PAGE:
My review comes from two viewpoints: first, there is me—ten years old, watching The Texas Chain Saw Massacre for the first time, and then there’s me—thirty-something years old, re-watching with a fresh pair of modern, adult eyes. I have no problem remembering the first time I saw this movie, even though it was a long time ago. If you waited until almost 2am then tiptoed upstairs, you could adjust the rabbit ears on my parents’ awesome 32-inch box TV, flip it to channel 6, and get a fuzzy view of the Showtime channel. The best part about sneaking TV at 2am on an “adult” channel, was that you never knew what you were going to get, like a prize at the bottom of a cereal box (only much, much better). At 3am (on a school night, mind you), following a bizarre clown movie called Blood Harvest, I was just drifting off to sleep when I heard and saw these words: “The film which you are about to see is an account of the tragedy which befell a group of five youths…”
Immediately, I was glued to the screen, watching a movie called the Texas Chain Saw Massacre, and I wholeheartedly believed what I was watching was true. It didn’t help that the opening credits had these creepy flashes of what appeared to be crime scene photos, either. I watched the movie from beginning to end, not moving from my spot, and hiding my eyes at least a dozen times. I was HORRIFIED by it. Permanently scarred. And for the record, I don’t advocate watching this movie until you are at least a teen.
After my first viewing of it, I secretly checked the TV guide in the newspaper every single Sunday to see if, and when, it was coming on again.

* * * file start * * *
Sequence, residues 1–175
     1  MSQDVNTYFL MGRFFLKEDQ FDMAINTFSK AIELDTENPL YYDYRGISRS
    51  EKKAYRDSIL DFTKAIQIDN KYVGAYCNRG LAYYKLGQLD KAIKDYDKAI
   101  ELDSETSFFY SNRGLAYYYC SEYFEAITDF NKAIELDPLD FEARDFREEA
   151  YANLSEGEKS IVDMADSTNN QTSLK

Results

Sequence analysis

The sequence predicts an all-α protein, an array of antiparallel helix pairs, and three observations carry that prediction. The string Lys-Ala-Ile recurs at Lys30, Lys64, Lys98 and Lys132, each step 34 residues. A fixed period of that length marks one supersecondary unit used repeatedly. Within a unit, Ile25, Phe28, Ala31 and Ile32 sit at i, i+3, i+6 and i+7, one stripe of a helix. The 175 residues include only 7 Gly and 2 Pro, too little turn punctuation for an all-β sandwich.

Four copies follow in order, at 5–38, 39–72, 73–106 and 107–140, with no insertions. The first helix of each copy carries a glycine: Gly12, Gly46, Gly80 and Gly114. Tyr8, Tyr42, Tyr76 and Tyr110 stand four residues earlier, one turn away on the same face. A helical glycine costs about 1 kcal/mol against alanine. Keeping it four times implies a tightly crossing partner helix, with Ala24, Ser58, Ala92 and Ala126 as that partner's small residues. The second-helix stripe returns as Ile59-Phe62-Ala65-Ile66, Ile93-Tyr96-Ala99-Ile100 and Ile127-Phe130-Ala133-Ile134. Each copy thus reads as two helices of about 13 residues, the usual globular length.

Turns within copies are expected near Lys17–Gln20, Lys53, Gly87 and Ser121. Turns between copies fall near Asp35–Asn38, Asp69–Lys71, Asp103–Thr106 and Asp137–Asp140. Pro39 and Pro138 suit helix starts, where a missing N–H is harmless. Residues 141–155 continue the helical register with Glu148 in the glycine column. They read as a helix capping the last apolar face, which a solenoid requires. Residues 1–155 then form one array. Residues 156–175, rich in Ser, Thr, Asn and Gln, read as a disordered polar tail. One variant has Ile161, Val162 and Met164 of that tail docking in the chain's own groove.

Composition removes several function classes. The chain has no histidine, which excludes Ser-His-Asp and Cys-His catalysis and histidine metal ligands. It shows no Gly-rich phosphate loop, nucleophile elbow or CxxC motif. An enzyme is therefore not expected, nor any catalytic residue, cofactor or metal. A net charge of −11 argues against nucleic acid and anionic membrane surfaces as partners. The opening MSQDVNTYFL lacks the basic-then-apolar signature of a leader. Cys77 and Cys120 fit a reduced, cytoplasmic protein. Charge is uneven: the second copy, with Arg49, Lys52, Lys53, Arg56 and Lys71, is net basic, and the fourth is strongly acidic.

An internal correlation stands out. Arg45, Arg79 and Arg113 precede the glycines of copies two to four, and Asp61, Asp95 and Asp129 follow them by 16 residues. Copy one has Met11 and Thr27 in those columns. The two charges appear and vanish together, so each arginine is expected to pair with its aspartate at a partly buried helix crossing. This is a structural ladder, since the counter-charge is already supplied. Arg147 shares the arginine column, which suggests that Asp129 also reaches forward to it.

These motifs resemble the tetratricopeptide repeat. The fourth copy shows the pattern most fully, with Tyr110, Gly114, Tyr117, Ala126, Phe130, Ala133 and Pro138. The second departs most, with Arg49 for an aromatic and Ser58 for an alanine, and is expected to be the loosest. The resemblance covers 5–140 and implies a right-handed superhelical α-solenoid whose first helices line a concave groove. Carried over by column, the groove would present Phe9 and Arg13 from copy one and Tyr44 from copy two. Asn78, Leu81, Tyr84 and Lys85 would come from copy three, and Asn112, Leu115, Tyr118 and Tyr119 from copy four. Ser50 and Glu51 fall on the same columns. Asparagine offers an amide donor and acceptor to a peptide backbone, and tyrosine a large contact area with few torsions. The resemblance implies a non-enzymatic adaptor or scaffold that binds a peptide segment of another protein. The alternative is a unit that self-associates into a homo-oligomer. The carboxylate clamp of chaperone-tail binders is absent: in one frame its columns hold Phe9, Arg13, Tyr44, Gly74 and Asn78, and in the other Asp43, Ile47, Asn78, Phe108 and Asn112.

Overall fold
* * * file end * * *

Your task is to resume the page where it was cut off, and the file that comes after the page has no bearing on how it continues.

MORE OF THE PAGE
Anytime it was on, I would write down the time and date in my diary, then stay up as late as I had to on the designated day in order to watch it, even if it meant not sleeping at all before I caught the bus the next morning. And each time I watched it, I dared myself not to close my eyes. And here’s a funny side note—one day on the school bus I overheard some older kids talking about how it was “banned”, and for a while, I wondered if the police would bust in and steal my TV set. But I digress…
Now, fast forward twenty years…I’ve seen bits and pieces of the original Texas Chainsaw Massacre since my childhood obsession, and I’ve seen the sequel and most of the modern reboot versions of it. But now I’m watching it with a critical eye, because I knew I had to write this, and just like old times, I’m sneaking around in the dark at 2am to do it, only, this time, I’m trying to hide my movie choice from my own kids.